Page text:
At some point, most dogs will undergo a surgical procedure. During the healing process, some dogs may be prone to chewing or biting at the stitches, staples or incision, which can impede healing or even lead to infection. It's not uncommon for a dog to start biting or licking at an incision several days after the operation, because this is when the incision can start to itch as a result of the healing process. Unfortunately, many dog owners may not have a surgery collar--also known as an "Elizabethan collar," "e-collar" or "lampshade"--on hand when the dog begins biting or licking at the incision. Fortunately, it's fairly easy to create a homemade surgery collar for a dog to protect the pet's surgical incision or wound until the dog owner can visit the veterinarian or pet supply store to purchase a plastic e-collar.
Measure the distance from the dog's collar to the tip of the dog's snout. Multiply this number by 2 and write down the final figure.
Remove the dog's collar and snap or buckle the collar closed as if it were on the dog's neck. The collar should form a circle; measure the diameter of the circle. Write down this figure as well.
Add the final figures from steps 1 and 2. This is the approximate diameter of the circle you will need to create from your cardboard or thin plastic.
Find an overturned trash barrel, pot, pan or other circular item that's close in size to the diameter you need. Trace the similar-sized circle onto the plastic or cardboard and use this as a guide when cutting out a circle for your homemade surgery collar.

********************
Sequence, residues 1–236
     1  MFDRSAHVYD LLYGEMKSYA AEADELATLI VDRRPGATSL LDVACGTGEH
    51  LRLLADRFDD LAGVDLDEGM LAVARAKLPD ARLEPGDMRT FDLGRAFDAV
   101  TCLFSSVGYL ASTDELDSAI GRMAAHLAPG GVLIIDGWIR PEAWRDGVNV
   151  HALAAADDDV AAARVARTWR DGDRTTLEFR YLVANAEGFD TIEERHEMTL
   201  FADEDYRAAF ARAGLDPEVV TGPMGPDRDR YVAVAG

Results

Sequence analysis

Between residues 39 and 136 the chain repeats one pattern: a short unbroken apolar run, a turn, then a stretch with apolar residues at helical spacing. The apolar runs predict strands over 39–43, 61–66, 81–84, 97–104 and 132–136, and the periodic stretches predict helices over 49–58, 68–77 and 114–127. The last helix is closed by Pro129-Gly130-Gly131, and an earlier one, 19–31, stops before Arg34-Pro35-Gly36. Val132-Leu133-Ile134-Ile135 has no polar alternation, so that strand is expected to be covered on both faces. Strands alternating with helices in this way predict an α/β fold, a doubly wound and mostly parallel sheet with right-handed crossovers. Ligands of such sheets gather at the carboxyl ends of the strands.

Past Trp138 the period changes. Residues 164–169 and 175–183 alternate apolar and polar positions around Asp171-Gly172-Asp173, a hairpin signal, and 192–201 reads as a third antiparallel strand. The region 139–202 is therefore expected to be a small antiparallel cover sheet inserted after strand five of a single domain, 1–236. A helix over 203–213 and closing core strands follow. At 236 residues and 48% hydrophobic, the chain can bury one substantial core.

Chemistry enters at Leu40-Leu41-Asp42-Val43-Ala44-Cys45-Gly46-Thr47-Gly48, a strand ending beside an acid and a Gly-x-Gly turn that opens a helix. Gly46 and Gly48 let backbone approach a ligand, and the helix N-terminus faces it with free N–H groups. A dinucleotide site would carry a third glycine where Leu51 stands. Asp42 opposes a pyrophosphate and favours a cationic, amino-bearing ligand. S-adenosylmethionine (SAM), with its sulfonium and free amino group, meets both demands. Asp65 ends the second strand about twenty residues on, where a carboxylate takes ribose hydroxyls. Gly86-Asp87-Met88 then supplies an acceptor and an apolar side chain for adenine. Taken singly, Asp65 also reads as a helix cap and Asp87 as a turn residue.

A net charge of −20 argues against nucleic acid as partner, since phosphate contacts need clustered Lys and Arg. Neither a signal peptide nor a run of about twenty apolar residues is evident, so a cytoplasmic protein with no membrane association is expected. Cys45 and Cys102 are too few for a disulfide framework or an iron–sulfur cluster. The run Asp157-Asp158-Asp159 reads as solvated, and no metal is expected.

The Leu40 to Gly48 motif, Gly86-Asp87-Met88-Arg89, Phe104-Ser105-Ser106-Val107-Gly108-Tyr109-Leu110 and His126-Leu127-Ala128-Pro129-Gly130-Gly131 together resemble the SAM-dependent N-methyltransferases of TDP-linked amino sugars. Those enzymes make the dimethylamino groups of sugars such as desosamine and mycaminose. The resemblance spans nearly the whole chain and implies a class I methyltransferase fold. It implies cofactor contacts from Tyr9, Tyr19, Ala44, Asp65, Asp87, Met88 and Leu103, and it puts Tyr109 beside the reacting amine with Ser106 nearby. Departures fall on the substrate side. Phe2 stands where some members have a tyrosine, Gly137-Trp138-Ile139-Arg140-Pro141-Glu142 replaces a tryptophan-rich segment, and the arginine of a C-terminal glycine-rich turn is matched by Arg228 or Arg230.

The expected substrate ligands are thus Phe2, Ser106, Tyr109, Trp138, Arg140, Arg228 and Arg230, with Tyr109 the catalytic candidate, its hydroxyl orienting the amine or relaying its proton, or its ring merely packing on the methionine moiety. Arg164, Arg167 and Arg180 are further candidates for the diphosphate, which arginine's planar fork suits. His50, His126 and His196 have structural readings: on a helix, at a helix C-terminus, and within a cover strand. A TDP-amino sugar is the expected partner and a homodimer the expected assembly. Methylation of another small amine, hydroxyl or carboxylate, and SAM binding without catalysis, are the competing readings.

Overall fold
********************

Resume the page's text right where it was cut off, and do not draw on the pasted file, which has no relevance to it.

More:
Once you've cut out a circle of the proper size, place the dog's collar in the centre of the cardboard or plastic circle. Draw a circle around the collar. You will use your scissors to remove this inner circle.
Once the inner circle is removed, you will be left with a piece of cardboard or plastic in the shape of an O. You must next make one cut extending from the outer edge of the O to the inner edge of the O.
Make several additional cuts on the inner edge of the O. This is the part that will go around the dog's neck, near the dog's collar. Every 1/2 inch, make a cut about 1/2 inch in length. This will create little flaps on the inside edge of the O.
Next, cover each flap on the inner side of the O with a piece of duct tape; this will give the collar some added durability and it will protect the dog's skin from any sharp edges. Also use duct tape to cover the outer edge of the O. It's easiest to cover the outer edge by folding a piece of duct tape over the edge.
Set the soon-to-be surgery collar down on the table; Looking at the inner edge of the O, find flaps located (approximately) at 12 o'clock, 3 o'clock, 6 o'clock and 9 o'clock. Poke a hole in each flap.
Place the dog's collar back on his neck. Then, place the surgery collar around the dog's neck; the inner part of the O with the flaps should be in the area of the dog's collar. Use duct tape to secure the cardboard or plastic in a "lampshade" shape by placing tape along the cut that was made in Step 6. You can make the surgery collar a bit tighter by overlapping a bit at the point where the cut was made.
Locate the four holes that were made in the duct tape-covered flaps on the inside of the O. These holes should be right up against the dog's collar. Thread zip ties through each of the holes and use the zip ties to secure the surgery collar to the dog's collar.
The dog may have a difficult time accessing his food and water bowl while wearing the surgery collar. Using a smaller dog bowl or elevating the food or water bowl can help.
Most cardboard surgery collars will last only for a day or two; you may need to make a new one or purchase a plastic surgery collar from your veterinarian or a pet supply store.